What is the current focus of your research, and what do you find most rewarding about your work?
We aim to understand cell differentiation in sufficient mechanistic detail to control cell fate at will. The goal is clearly ambitious, but by understanding key principles and how they can be applied to guide differentiation protocols, we will be able to generate more disease-relevant cell types and tissues.
Interacting with people, learning how they think, and enriching my own thought process is very satisfying. When people join the lab, there is a lot of input and guidance from my end. In these early interactions, I feel like an instructor. A few months later, we both contribute equally in the discussion. But there is an inflection point when it becomes clear they are outperforming me in every aspect of their project. Then, I become what I really am: an adviser. When a member of the lab goes through that process, becoming independent, it is by far the most rewarding aspect of my work. On a different level, I have a similar feeling when I teach. There is a moment when a concept “clicks” for students and I can see that in their faces. It is an extraordinary feeling.
What led you to become a scientist and to stem cell research?
I always like the interface between technology and humans. The idea of finding technical solutions to do something new fascinates me. Science allows me to do that every day. Stem cell biology bridges a few fields I find particularly interesting: gene regulation, developmental biology, and a bit of engineering. Additionally, I find understanding a developmental process well enough to be able to reproduce it is a phenomenal challenge. As a bonus, I believe applying developmental biology principles to produce clinically relevant cell types will eventually help people suffering devastating diseases.
What is the most exciting aspect of your work?
The most exciting aspect of my work is to discuss ideas, experiments, and possible outcomes after a new result. It is exhilarating; the imagination goes wild until we settle on a concrete hypothesis and a doable experiment. Then, the countdown to the next result starts, which will bring us to the following brainstorming session. This cycle “gives me butterflies” and keeps me eager to go to the lab every day!
What guidance would you share in talking with trainees interested in pursuing your area of research?
Do it! If you are interested in doing an exciting activity that might impact many people, join a lab. There are many fields and sub-fields, all of them with very interesting questions to address. Thus, besides the topic and experimental approach, I would recommend paying attention to the lab culture and environment. When we are happy and the project is producing meaningful data, we do well in many different environments. However, at some point, you or your project would go through a rough patch. Be sure that the lab structure has the support you might need for those days.
Do you have any mentors or individuals who have inspired you in your stem cell work?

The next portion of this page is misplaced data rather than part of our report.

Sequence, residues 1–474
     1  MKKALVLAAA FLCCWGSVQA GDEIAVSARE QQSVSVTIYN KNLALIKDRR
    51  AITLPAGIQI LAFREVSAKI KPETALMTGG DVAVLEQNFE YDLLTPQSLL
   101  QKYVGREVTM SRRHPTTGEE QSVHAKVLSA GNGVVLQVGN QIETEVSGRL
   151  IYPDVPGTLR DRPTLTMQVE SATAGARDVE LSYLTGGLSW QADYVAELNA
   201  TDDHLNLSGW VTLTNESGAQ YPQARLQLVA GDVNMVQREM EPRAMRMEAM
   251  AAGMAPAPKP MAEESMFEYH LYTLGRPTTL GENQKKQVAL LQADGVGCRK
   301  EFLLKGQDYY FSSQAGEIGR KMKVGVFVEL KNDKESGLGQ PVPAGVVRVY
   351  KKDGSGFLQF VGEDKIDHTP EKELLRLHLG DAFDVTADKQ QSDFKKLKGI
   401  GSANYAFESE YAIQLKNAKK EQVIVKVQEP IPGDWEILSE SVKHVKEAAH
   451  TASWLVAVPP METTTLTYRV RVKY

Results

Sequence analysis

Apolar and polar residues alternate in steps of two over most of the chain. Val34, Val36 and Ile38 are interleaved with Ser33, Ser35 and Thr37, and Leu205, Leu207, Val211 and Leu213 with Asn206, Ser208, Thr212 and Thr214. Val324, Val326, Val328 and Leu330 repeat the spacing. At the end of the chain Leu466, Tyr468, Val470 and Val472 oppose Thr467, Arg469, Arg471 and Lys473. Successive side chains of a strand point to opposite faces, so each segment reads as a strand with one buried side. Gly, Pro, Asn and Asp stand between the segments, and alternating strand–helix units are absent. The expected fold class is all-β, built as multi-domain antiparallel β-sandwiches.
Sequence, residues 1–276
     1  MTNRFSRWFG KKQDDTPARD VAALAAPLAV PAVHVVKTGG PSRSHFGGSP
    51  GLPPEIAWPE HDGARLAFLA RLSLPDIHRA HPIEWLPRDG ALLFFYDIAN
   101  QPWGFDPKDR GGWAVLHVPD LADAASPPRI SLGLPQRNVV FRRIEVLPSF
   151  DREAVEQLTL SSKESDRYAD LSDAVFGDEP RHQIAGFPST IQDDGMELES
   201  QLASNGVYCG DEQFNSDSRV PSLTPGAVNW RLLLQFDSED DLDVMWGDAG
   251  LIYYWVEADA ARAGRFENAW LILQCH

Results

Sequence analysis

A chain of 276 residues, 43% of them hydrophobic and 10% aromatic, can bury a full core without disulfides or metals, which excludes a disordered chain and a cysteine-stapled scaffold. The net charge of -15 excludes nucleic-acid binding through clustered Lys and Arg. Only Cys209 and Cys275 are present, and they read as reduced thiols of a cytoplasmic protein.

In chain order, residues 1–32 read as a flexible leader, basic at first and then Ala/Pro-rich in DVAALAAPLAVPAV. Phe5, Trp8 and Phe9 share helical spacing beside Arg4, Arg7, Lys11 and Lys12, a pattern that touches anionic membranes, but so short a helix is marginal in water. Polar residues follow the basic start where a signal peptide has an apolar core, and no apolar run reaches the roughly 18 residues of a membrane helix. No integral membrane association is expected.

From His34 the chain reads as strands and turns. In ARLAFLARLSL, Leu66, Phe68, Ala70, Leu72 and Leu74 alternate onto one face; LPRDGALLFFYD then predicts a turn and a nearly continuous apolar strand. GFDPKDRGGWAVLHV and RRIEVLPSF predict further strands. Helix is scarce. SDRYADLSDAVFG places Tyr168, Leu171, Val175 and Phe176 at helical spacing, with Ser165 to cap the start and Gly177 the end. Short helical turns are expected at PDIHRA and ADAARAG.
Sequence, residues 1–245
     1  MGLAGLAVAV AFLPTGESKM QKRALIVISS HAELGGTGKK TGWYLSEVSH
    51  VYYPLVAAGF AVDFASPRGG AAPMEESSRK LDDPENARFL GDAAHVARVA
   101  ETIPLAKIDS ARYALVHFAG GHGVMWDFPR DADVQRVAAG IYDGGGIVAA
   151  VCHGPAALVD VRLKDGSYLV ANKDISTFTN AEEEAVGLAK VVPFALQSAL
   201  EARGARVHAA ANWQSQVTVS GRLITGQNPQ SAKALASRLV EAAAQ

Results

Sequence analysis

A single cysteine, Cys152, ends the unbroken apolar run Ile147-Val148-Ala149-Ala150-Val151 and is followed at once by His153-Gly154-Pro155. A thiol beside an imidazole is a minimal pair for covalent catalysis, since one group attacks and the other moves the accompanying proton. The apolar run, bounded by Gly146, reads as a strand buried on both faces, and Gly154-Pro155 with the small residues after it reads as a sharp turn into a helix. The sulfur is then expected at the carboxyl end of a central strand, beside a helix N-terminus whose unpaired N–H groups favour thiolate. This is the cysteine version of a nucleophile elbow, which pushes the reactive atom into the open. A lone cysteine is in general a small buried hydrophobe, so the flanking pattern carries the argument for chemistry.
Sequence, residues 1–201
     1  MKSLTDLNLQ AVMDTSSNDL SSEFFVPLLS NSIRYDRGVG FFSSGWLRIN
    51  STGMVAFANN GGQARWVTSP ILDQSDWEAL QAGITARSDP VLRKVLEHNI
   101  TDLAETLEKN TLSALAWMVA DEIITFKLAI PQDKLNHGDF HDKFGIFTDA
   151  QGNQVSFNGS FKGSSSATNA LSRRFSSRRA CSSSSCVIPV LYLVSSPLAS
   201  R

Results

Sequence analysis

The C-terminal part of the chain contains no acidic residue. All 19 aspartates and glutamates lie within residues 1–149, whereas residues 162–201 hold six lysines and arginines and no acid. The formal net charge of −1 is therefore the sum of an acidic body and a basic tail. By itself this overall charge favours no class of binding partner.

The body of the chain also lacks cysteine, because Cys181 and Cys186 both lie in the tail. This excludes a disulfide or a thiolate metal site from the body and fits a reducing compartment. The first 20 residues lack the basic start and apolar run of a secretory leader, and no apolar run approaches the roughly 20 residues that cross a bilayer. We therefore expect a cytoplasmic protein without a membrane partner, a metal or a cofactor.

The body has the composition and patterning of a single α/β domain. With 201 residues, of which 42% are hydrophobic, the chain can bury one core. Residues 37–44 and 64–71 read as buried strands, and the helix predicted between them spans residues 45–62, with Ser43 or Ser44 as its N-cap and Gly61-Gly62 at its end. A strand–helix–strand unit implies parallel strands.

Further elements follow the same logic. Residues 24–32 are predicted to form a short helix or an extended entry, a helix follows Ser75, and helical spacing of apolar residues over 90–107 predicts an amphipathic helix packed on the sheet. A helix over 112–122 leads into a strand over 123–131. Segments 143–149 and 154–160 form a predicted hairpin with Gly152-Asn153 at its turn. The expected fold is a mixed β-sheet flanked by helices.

I cannot begin answering this question without mentioning my former adviser Hynek Wichterle. While at the end of my PhD I was following the stem cell filed closely, I was not seriously considering joining a stem cell lab. But at a party, I met Hynek. We began talking about cell differentiation, developmental biology, and embryonic stem cells. After a long conversation, and a few drinks, his enthusiasm resonated in me. After that conversation, I joined his lab without ever applying for a postdoctoral position to any other lab.
After I joined the field, I met numerous people whose work or advice was instrumental to me. With the injustice associated with naming a few, I would like to highlight those that inspired me in the early days such as Fiona Doetsch, Lorenz Studer, and Yoshiki Sasai.
How do you spend your free time?
I like to play sports. Injuries and age are keeping me away from soccer now, but I still watch a fair amount of games. I play squash when I can and I do a lot of sailing these days. I enjoy cooking and more than anything, spending time with family is my favorite pastime.
What is something your peers would be surprised to learn about you?
Because I like the human-technology interface, I have always been associated with car or sailboat racing. To win a race, the car or boat and the driver or crew must perform well. One cannot do well without the other. While I am not involved in any motor sport now, I am training to sail across the South Atlantic this coming October. I am very excited to realize a childhood dream of mine, leaving South America sailing east to Cape Town.
What do you most value about your membership with the ISSCR?
The ISSCR has a collection of valuable features. I constantly refer students and patients to their resources. The annual ISSCR meeting is a fantastic event to learn about new discoveries and techniques, meet people and maybe find your future co-workers. But if I have to highlight one feature, it would be the opportunity to grow my scientific and social network in the field. ISSCR allowed me to meet amazingly talented and generous people.